It's Not Magic, It's Your Brain: The ABCs of Making You, Better


As part of the course of treatment during psychotherapy, I explain to clients that the brain is what will help them change. The cells in our brains using chemical and electrical interactions enable us to see, walk, talk, think, and feel. In therapy we are working to change some of those chemical interactions. So, by changing how we think and behave we can change chemical interactions and thereby change how we feel physically and emotionally. It’s a pretty straightforward concept: the key to change is not magic, it’s the brain.

Cognitive behavioral psychologists use models and methods to work with people to help them change. Upon beginning therapy, I introduce clients to the ABCs, one model that my clients find useful and easy to understand:  Action, Brain, and Consequences (adapted from Ellis and Dryden, 1987).

The model flows like this:
Action: (When something happens) => Brain: (We have thoughts about the action in our Brain) => Consequences: (There are consequences for our thoughts. These include emotions, sensations in our body, or doing something (behaviors).

Here’s an example: Action: My boss yells at me. Brain: I have thoughts about my boss. (Who does she think she is?! She thinks I’m stupid! I’ll show her!) Consequences: I feel angry (emotion.) I quit (behavior.)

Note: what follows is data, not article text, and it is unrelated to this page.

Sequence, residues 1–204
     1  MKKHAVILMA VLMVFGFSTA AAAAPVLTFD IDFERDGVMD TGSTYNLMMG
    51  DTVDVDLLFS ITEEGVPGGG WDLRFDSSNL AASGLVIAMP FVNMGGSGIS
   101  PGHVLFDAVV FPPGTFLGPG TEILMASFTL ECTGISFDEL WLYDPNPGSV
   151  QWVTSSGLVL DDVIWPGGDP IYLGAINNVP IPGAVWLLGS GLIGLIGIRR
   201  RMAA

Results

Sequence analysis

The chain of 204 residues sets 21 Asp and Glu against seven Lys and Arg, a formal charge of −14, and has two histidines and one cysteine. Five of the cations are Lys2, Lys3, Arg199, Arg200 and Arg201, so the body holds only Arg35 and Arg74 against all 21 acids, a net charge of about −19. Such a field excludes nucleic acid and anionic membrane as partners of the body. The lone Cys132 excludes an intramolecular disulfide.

In the example, my boss did not “push my buttons” nor did my boss "make" me quit. I had thoughts before my behavior. It was those thoughts that made me angry. It was my anger that led to the possible poor choice (consequence) of quitting a job.

In this model there is one area upon which we can have a high impact to change our behaviors and our emotions. That is our thoughts. The model assumes that if we can become aware of our thinking, we can make choices to change how we think and thus, improve the consequences. Importantly, psychologists work to help people overcome unproductive thinking habits that may be difficult to accomplish alone.

Many times, I encounter people looking for answers to change other people around them. They often feel frustrated, angry, depressed and anxious over their lack of success. The ABC model demonstrates that change can begin with what we can control--our thoughts and behaviors. We have the ability within ourselves (our brains) to change ourselves, our situations, and our lives. Understanding how to use this ability effectively becomes empowering.


Read More!!!  Your Brain and Willpower

The information provided here is not intended as a substitute for personal psychotherapy. If you are experiencing a mental health emergency, contact your individual mental health professional, call 911, or go to the closest hospital emergency room.